I wanted to jump out of an airplane and I’ve done that, too.   LONG story.

But I guess what I’m trying to say is that, in spite of the fact that we’ve been hit by some doozies here over the years, on balance I don’t think I have much to complain about. 

I got  lucky in more ways than I can count–lucky in Bill, lucky in my father, lucky in actually having the ability to do what I fell in love with when I was six. 

I’d change one thing if I had the chance–I’d have Bill live longer.  A lot longer.  Maybe longer than me.

But I’m not looking at a situation where I have to scale back my dreams because there’s no time left.

What I look at instead is the possibility that there might be quite a bit of time left.  My father died at eighty-six.  My mother is ninety-two.  The genetics are there that, if I’m careful, could take me a long way.

Of course, my brother died young.  So there are other genetics.

On the other hand, I don’t smoke.


I do think I’m trying to get a sense of what it looks like in a territory that hasn’t really been explored yet.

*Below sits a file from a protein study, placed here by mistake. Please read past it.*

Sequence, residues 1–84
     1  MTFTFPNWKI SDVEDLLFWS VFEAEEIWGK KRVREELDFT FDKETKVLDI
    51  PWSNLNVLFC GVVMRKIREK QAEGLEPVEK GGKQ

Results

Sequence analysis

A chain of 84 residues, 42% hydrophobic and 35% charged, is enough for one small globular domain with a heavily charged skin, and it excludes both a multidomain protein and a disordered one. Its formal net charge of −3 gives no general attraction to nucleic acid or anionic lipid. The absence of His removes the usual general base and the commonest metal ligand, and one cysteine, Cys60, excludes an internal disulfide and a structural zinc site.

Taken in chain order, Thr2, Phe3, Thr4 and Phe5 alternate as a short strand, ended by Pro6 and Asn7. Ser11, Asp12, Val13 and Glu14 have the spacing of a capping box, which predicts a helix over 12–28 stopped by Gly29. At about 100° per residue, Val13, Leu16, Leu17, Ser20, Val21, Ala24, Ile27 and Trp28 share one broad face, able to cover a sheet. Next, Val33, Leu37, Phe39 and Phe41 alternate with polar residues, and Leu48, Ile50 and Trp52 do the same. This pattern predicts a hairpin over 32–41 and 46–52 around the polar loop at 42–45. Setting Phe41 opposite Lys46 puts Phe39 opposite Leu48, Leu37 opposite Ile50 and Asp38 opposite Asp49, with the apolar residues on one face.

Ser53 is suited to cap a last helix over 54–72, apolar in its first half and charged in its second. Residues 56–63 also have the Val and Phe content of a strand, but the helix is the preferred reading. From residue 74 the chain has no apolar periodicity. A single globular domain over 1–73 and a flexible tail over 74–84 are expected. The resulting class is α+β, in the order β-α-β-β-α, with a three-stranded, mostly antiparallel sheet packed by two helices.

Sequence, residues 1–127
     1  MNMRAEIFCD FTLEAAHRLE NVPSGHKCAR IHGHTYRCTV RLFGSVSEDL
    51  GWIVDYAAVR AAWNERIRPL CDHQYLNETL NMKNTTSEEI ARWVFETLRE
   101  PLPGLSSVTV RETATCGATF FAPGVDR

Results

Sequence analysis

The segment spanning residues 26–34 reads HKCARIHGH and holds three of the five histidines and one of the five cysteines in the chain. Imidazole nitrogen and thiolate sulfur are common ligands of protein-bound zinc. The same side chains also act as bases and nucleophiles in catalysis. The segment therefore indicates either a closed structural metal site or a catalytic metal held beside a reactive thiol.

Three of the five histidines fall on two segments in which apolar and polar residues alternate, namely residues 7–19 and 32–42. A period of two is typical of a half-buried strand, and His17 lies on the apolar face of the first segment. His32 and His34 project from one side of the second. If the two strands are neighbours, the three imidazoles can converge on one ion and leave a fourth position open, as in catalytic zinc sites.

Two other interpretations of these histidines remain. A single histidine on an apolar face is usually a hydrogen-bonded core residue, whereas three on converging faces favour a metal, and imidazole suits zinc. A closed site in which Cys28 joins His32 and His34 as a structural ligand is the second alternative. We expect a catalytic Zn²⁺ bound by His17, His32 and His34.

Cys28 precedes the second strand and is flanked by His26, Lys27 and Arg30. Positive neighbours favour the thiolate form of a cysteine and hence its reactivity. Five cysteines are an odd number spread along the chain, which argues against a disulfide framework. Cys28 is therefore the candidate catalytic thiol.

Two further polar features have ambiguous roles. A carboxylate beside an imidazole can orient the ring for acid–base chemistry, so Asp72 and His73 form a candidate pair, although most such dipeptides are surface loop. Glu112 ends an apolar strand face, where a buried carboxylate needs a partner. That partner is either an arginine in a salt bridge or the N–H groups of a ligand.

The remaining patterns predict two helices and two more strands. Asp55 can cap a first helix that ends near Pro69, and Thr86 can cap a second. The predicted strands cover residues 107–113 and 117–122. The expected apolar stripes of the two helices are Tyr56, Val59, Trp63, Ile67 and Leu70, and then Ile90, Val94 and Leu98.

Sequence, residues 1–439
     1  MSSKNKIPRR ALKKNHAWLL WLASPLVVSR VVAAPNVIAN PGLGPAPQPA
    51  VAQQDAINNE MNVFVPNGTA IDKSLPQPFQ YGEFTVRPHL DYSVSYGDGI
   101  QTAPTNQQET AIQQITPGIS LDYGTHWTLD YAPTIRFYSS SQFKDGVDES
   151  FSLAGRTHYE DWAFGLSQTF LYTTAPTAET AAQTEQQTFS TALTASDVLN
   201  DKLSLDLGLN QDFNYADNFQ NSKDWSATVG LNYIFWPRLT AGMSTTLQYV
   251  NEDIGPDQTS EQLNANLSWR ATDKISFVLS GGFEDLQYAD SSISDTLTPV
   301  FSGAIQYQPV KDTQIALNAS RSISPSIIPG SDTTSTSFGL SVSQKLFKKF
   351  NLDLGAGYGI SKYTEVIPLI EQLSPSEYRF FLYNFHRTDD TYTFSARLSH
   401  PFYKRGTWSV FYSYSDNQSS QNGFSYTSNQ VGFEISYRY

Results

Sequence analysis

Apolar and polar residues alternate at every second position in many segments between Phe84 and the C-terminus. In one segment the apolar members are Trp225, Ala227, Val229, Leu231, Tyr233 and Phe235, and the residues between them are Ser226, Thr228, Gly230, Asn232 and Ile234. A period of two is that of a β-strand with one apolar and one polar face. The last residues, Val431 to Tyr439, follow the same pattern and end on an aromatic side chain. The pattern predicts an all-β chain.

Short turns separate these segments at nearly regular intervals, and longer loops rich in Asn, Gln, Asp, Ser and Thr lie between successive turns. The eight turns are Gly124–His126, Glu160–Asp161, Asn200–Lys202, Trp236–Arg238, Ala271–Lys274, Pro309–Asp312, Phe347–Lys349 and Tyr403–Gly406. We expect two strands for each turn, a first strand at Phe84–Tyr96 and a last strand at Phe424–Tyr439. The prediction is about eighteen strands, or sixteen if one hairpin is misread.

But I like Miss Marple in more ways than one.

Written by janeh

August 23rd, 2010 at 9:49 am

Posted in Uncategorized

4 Responses to 'Undiminished Expectations'

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  1. I might have a fair bit of time left – my genetics aren’t great, but aren’t bad either.

    I don’t think I understand what you mean by ‘hasn’t really been explored yet’, because old age is really just life. Life with an increasing possibility of health and physical ability problems, and increasing certainty of the suffering and loss of people you love, of course, but both of those have already happened – or begun happening – at least for me, and I expect for most people in their mid-fifties. So there’s not much new to wonder about there – just the identity of the health problems and the people who die before you do. I don’t see much point in wondering about things like that!